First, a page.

Wouldn't you draw out his dislikes about his current OS / application programs and point out how Linux does things differently and somewhat better? If he doesn't use a computer yet, wouldn't you point out that things were harder for him than they needed to be and that a little effort spent learning to use Linux would save a lot of grief over the course of the future and that Linux would be kind to his wallet while he was learning?

If he is already using 'nix on the big iron at work, point out that Linux runs nearly identical programs on much smaller iron ... like the machine he probably already has at home -- the one currently running the blue screen-saver.

Well, if you can say these things to a man, why not say them to a woman with the same earnest sincerity.?

Three weeks ago my wife (of just under two years) asked me to install Linux for her. She likes the way my computer runs and she is frustrated by how Windows keeps losing her desktop graphics.

She sees running Linux as the answer to a problem.

She also sees that Linux offers her multiple simultaneous desktop under each of many GUI's, something MSFT never offered her, and allows multiple background images for each. My wife, the individual, is horrible at math. But it only took her a moment to realize what this meant to her in practical terms.

We have our photographs categorized and can just load an entire category into each desktop. For us, that gives her about 800 desktops of places and people she has fondness for. Every fifteen minutes, she gets a new desktop photo. Given her use patterns, that means she will see the each pic about once every three years. Since she has multiple desktops, her favorite pic of our wedding (or any of 15 other favorite pics) can always be on its own desktop.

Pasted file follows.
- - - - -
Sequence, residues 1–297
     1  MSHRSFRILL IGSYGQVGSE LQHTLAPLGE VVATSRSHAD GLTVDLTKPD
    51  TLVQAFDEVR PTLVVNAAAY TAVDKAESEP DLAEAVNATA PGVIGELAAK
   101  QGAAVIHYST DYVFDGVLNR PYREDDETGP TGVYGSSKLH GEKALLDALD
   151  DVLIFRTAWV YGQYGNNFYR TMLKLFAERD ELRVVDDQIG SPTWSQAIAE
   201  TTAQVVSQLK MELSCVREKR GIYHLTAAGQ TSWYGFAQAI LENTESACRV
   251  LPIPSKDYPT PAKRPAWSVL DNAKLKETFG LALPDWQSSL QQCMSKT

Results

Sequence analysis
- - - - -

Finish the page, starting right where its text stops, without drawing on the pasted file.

I told her I was going to take her good machine away and give her a piece of junk from in the basement but that it would still run at least as fast as her current (fairly beefy) machine. She paused for a moment and bit her tongue (hard!) before deciding to trust me. Then she gave the nod of approval to the swap.That let me give the LTS project a fair trial

She's going to be impressed. I took away an 800mHz machine with 256m ram and replaced it with a P-120 and 64 meg of ram. The replacement machine is actually visibly faster and looks better on the same monitor.

When other women see Linux as the answer to a problem, they will boldly ask for it and, in fact, there will be no keeping them away from it. Until then, there will be no pushing them toward it.

Don't get your knickers in a knot about it. Women were somewhat slow to adopt PC's and they will likely lag a little with Linux, too. It's not a big deal Keep working on simplifying installation without sacrificing speed or stability and, with the passage of time, women will join us en masse. Keep making it a graphically appealing and comfortable place to work or play and they will join us quicker. Men tend to pioneer stuff but the women are seldom far behind. File off the rough edges and clean the place up a bit (ditch dark themes as defaults, rename BitchX and PAN to something a little more mature / less crude) and this place will soon be stop being such a "men only" club.